Let's start with prefixes.
A prefix is a letter or a group of letters that we add to the beginning of a word. Prefixes change the meanings of words. For example, the prefix un- (or u-n) can mean "not," "remove," or "opposite." Adding un- to the word "happy" gives you the word "unhappy," which means not happy.
U-n and r-e (or re-) are the two most common prefixes in the English language. Re-means "again" or "back," such as in the words "rethink" "redo" and "repay."
Here are a few things to remember when learning prefixes:
- Different prefixes in English can have similar meanings, such as un-, in- and non- all of which mean "not" or "opposite of." Also, the prefixes mis- and ir-mean "wrong," "wrongly," or "incorrectly."
- Notice that double letters are possible. For example, when you add the prefix im- to words that begin with the letter "m," you get two "m"s as in "immeasurable." That's also true when you add un- to words that begin with the letter "n," as in "unnoticeable." The same is true for many other prefixes.
- When adding a prefix to a word, the spelling of the base word never changes. For example, the prefix un- did not change the spelling of the word "happy." And, the prefix re- would not change the spelling of the word "live" in "relive."
- Watch out for "lookalikes" – words that look like they contain prefixes but, in fact, do not. For example, the un- in the word "uncle" is not a prefix, nor is the re- in the words "reach" or "real."
Now, let's turn to suffixes.
A suffix is a letter or group of letters added to the end of a word. Suffixes are commonly used to show the part of speech of a word. For example, adding "ion" to the verb "act" gives us "action," the noun form of the word. Suffixes also tell us the verb tense of words or whether the words are plural or singular.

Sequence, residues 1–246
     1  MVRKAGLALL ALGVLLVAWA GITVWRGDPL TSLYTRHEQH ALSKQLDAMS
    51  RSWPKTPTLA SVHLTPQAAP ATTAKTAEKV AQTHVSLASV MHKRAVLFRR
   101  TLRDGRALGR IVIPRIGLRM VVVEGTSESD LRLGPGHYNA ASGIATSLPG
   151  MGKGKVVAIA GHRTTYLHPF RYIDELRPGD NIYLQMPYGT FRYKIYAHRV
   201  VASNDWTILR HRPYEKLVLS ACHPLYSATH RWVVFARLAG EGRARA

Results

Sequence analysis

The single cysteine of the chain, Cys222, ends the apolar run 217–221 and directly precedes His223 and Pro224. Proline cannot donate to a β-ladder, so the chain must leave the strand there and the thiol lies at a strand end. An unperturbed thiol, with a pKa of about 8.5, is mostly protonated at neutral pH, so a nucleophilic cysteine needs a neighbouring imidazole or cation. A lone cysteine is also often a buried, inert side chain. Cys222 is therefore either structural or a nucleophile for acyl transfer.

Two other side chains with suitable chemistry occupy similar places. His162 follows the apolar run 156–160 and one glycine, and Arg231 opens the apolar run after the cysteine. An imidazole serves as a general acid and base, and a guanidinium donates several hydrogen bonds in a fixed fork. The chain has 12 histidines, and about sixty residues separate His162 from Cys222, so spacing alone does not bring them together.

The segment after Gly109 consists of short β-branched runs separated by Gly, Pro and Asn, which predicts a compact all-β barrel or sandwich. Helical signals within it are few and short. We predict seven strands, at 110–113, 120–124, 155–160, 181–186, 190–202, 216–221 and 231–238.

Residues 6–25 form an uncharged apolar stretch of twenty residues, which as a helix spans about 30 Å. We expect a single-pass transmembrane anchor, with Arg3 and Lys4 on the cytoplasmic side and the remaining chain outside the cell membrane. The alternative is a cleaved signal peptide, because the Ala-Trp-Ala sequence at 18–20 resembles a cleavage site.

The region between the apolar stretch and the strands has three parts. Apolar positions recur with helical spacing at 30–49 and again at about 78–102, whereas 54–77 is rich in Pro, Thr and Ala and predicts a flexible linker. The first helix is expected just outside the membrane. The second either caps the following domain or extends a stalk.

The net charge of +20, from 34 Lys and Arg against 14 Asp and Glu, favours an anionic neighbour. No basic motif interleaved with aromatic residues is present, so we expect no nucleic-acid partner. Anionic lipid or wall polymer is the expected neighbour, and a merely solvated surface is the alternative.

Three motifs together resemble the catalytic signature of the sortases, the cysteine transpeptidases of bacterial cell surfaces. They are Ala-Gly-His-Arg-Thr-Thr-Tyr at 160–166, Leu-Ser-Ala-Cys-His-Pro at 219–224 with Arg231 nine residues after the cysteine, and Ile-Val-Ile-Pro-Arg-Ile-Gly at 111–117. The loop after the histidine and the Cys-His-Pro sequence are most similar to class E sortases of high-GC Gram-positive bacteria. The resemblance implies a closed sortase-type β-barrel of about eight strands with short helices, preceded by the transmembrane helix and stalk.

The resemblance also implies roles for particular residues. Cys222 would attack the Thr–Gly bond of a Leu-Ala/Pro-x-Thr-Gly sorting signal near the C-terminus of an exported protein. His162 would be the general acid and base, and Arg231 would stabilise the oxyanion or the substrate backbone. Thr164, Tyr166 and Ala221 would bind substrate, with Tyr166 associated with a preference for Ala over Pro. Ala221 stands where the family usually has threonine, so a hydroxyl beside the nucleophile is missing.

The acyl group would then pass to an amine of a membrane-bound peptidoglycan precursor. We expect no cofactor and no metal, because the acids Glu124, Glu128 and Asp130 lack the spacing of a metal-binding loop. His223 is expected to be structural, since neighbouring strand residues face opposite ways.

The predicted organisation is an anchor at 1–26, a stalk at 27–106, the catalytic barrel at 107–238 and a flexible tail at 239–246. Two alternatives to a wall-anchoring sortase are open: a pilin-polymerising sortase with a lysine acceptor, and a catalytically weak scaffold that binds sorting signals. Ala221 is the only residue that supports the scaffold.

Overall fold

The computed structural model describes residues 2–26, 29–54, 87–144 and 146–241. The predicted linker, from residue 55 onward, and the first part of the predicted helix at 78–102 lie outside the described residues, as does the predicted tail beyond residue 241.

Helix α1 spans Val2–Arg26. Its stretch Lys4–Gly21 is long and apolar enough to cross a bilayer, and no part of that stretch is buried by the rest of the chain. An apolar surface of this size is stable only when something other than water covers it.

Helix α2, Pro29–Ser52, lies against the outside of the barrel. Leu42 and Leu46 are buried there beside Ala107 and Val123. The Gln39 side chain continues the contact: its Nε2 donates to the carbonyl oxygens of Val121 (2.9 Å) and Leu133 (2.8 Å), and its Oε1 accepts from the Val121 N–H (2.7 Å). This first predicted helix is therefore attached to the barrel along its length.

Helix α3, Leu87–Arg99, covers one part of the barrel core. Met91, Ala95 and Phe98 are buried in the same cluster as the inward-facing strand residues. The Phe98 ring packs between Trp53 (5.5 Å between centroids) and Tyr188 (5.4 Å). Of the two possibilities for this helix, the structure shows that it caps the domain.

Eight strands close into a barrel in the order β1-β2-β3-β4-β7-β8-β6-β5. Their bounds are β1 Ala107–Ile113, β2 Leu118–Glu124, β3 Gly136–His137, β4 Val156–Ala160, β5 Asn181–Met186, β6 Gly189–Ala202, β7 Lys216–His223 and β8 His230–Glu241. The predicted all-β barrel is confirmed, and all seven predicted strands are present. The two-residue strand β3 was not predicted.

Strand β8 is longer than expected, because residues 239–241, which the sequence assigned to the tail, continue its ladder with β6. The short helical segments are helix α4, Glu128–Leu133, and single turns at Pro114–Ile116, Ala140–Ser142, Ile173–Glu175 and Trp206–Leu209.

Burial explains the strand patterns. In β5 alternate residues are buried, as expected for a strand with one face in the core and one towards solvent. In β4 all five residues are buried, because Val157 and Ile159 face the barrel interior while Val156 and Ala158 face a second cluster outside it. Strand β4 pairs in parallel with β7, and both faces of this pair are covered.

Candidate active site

Some common suffixes are -er, -s, -es, -ed, -ing and -ly.
Here are a few things to remember when learning suffixes:
- Some suffixes have more than one meaning. For example, the suffix -er may suggest a person who performs an action, like a teacher. But "er" is also commonly added to the ends of adjectives and adverbs. They compare two things and show that one is "more" than the other, such as in "faster" and "stronger."
- The spelling of a base word can change when a suffix is added. This is true of most base words ending in the letter "y." For instance, when we add the suffix -ness to the word "crazy" to make "craziness," we replace the "y" with an "i." This rule is also true of many base words ending in a silent "e" when the suffix begins with a vowel. For example, in the words "write," "make" and "manage," we drop the "e" in the words when we add -ing to make: "writing," "making" and "managing." We also often drop the silent "e" before the suffix -able such as in "usable." Be careful, though, because with some words, we keep the "e," such as in "changeable" and "loveable."
There are additional suffix rules, but they deal with spelling and can be learned with time and practice.
A thing to keep in mind about both prefixes and suffixes is that some are only used with some words. For example, we add the suffix -ful to some nouns to mean "full of," such as in the words "beautiful" or "helpful." But, we cannot add -ful to just any noun. You could not, for example, say "loveful" to mean full of love.
So, what are some ways that you can practice common prefixes and suffixes?
One way is to use online flashcards from websites like Quizlet. You can choose sets of cards that are already made or create and use your own sets. Or, you can make your own flashcards with pieces of paper.
Once you've spent time practicing, take a news story or page in a book and look for words that have the prefixes and suffixes you learned. Then, use what you know about the meaning of the root words to guess the meanings of those words.
Learning prefixes and suffixes will not only build your vocabulary but can make unfamiliar English words a lot less frightening.